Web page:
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Beware Of Winter Seed Fever

Darren Abbey
Flickr - Creative Commons

The recent warm weather may have given us spring fever, but now that it’s snowy and cold there’s not much for a gardener to do but read seed catalogs, walk garden center seed racks and seed shop online. You should be wary of the potential dangers. 

It’s easy to get carried away when browsing for seeds. Last year I ended up with a ton of potatoes, sixty flats of onions, fifty tomato plants, about the same number of peppers. I didn’t even bother counting the basil plants.

Catalogs, seed packets and the internet provide general growing information. They may say "don’t let plants wilt;" "transplant in five weeks;" or "sow one seed per cell." Detailed seed sowing depth, light requirement, germination temperature and specific treatments that help with seed sowing and garden space planning can be found with a little searching.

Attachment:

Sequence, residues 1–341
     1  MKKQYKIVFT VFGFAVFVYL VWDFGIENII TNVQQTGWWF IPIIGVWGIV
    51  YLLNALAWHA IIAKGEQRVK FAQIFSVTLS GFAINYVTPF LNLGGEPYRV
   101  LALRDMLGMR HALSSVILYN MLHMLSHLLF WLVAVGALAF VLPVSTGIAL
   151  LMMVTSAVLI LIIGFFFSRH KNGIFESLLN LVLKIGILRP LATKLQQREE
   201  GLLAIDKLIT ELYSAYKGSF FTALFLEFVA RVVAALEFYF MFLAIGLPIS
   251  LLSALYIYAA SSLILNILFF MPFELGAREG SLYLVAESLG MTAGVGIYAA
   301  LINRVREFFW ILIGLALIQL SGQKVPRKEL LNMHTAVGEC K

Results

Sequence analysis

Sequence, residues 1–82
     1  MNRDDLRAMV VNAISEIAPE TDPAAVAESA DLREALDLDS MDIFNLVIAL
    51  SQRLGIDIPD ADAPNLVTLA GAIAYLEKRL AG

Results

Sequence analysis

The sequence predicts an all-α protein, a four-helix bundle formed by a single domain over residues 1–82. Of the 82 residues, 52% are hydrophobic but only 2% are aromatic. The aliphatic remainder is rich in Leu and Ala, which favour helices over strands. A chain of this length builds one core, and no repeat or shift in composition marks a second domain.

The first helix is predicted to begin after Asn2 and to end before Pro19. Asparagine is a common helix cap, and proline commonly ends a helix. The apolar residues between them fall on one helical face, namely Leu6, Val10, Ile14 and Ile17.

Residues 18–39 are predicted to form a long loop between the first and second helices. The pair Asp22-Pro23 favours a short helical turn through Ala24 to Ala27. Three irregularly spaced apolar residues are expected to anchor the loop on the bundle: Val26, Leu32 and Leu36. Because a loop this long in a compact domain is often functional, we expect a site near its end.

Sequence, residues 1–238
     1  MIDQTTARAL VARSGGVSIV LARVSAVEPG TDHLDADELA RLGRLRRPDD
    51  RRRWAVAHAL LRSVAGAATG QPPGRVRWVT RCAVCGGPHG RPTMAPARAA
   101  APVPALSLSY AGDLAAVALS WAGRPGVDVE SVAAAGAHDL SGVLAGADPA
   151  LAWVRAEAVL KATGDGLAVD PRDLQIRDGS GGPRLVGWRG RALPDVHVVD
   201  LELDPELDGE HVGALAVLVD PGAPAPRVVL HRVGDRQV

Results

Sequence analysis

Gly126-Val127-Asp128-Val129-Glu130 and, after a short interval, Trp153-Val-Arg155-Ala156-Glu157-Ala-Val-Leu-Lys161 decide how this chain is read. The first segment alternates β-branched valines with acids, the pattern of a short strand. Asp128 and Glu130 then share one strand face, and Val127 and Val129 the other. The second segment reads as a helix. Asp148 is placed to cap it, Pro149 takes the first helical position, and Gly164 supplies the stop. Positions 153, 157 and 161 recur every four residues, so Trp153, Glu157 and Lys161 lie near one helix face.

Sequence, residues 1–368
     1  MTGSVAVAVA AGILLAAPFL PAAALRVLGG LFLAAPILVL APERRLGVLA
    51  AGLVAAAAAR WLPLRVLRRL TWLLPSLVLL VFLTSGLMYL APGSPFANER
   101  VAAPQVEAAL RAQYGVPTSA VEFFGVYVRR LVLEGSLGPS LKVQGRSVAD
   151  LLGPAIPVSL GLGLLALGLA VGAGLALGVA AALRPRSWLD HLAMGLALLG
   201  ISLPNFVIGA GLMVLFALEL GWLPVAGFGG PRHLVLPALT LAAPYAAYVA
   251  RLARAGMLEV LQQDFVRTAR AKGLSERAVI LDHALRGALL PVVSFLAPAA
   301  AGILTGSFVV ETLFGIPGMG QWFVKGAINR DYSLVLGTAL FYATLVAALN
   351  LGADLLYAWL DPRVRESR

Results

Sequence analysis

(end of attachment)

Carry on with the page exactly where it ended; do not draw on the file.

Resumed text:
I like to buy the self-producing open pollinated veggie varieties which epitomize the classic version of "The Birds and The Bees." The seeds can be saved and grown year after year.

Unlike open pollinated plants, hybrid varieties are the result of the crossbreeding of two or more other varieties, creating an entire new plant with unique qualities. Cosmos has a precise, pink colored flower and all of the seeds are pink as well. A hybrid tomato contains the best traits of the other varieties it was cross-pollinated with. 

F1 hybrids have very strong traits because they are the first generation of the hybridization process. The downside is that F1 and all other hybrids do not produce reliable seed that can be saved and used year after year. 

With the landscape covered in snow, it may seem premature to start dreaming about spring. But it isn’t too early to plan for a fun and successful gardening season. Just be careful with the amount you get.  

Tom has been offering garden advice on KUNC for almost two decades. During that time he has been the wholesale sales manager at Ft. Collins Nursery, Inc. Since January of 2005 he has been the owner and operator of Throgmorton Plant Management, LLC., a landscape installation and maintenance company as well as a horticultural consulting firm. He lives in northern Ft. Collins with his wife and two kids.
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